As the mother of a candidate for a BFA in theater, I am keenly aware of my burgeoning actor’s chances of gainful employment. So it is reassuring to see recent those with their Bachelors of Fine Arts in theater forge a terrific troupe.
It’s even better when that group, PigPen Theatre Co., formed at Carnegie Mellon School of Drama, creates as lovely a piece of work as “The Old Man and the Old Moon.” It opened officially Sunday (Oct. 7) at The Gym at Judson.
The story, told by the seven actors who also play instruments, instantly feels like the Tony-winning “Once” because as the audience filters in, the actors are on stage playing acoustic guitar, banjo, accordion, fiddle, piano and percussion. Wearing worn pants, which probably should resemble britches, suspenders, an Irish sweater vest all in faded colors, the folksy mood is immediately set.
When it starts, there are delightful similarities to “Peter and the Starcatcher.” Both require an ensemble that’s tight, use minimalist props and the actors rely on one another. Of course the Tony-winning Broadway show, which began off-Broadway, had some time to hone itself.
This needs a little more work. At over two hours, it is a little long, especially in the second act.
The play is about an old man, whose lifelong job has been to keep the moon filled. The moon has a leak, and he climbs a ladder to the sky, carrying a bucket, and pours water in to fill the moon. He’s married to the old woman. An old woman, who though she loves her husband, wants to see more of the world than just their coastal village. He’s rather cranky and criticizes her wild and crazy ideas such as taking walks after dinner.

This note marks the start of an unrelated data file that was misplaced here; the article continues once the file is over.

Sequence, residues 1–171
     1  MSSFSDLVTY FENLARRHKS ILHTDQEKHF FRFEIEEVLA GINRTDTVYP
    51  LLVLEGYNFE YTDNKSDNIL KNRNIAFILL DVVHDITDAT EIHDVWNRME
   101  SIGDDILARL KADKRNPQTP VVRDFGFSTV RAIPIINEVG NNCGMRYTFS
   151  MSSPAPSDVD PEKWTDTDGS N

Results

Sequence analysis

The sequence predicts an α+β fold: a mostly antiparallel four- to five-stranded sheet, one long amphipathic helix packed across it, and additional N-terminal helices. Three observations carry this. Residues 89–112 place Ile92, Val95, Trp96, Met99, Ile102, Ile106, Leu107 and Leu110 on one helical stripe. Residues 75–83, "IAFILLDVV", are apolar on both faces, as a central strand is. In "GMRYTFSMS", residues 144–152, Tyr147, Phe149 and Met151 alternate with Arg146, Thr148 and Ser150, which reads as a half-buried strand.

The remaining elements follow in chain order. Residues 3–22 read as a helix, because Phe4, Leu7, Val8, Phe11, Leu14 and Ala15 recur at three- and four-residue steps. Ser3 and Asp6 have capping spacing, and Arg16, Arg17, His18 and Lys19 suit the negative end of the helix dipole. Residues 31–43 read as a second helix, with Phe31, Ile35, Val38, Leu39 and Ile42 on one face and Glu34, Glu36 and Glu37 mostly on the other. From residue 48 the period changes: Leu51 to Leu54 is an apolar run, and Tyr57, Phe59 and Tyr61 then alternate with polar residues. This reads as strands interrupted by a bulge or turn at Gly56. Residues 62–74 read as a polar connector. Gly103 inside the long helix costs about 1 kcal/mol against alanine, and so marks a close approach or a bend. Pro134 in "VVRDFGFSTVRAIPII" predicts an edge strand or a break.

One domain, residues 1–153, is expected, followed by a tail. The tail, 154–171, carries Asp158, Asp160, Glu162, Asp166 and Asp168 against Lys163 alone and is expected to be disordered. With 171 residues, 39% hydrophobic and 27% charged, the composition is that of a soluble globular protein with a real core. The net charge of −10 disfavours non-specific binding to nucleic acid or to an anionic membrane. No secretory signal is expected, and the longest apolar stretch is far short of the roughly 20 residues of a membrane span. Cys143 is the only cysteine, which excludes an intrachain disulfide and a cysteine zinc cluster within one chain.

The old woman postponed her adventures long enough and leaves in a sailboat. Distraught without his wife, he takes off in search of her and has many adventures.
He winds up on a boat of rather lackadaisical sailors, whose bravery could be questioned but their commitment to fun is unassailable. Rather than quash the rebels they decide to take a detour to an island.
The story is cleverly advanced using shadow puppets, narration, instruments and a couple of songs. Granted it is a fantastic tale, but it works ever so beautifully because no one dares for hipster irony.
Since the old man left his post as keeper of the moon, the moonlight fades. Eventually, the tides are thrown off, earthquakes and other natural disasters follow, and clouds of biblical proportions loom overhead. Stars fall from the sky. It is apocalyptic, all because an old woman yearned to see beyond her horizon, and the old man could not go on without her. When he followed her, no one remained to tend to the moon.
The sailors, lost at sea, are in grave danger. The old man is swallowed by a prisonfish — not a whale, and not a mere fish, but a prisonfish — and all looks hopeless. But this is a sweet fairy tale and all will be fine.
Though my theater mate is 10, and quite mature, she was the youngest person in the audience. It’s unlikely that a show this long would hold a very young audience without special effects, but the lack of noise and the shadow puppets are its charm.
The narrator warns the audience that this is a story that does not really have a start or an end, and that is the one false note: it has a beginning, middle and end. It also has a fine troupe of actors with a real future ahead of them. And that, for mothers of BFA candidates, is pretty much the golden ring.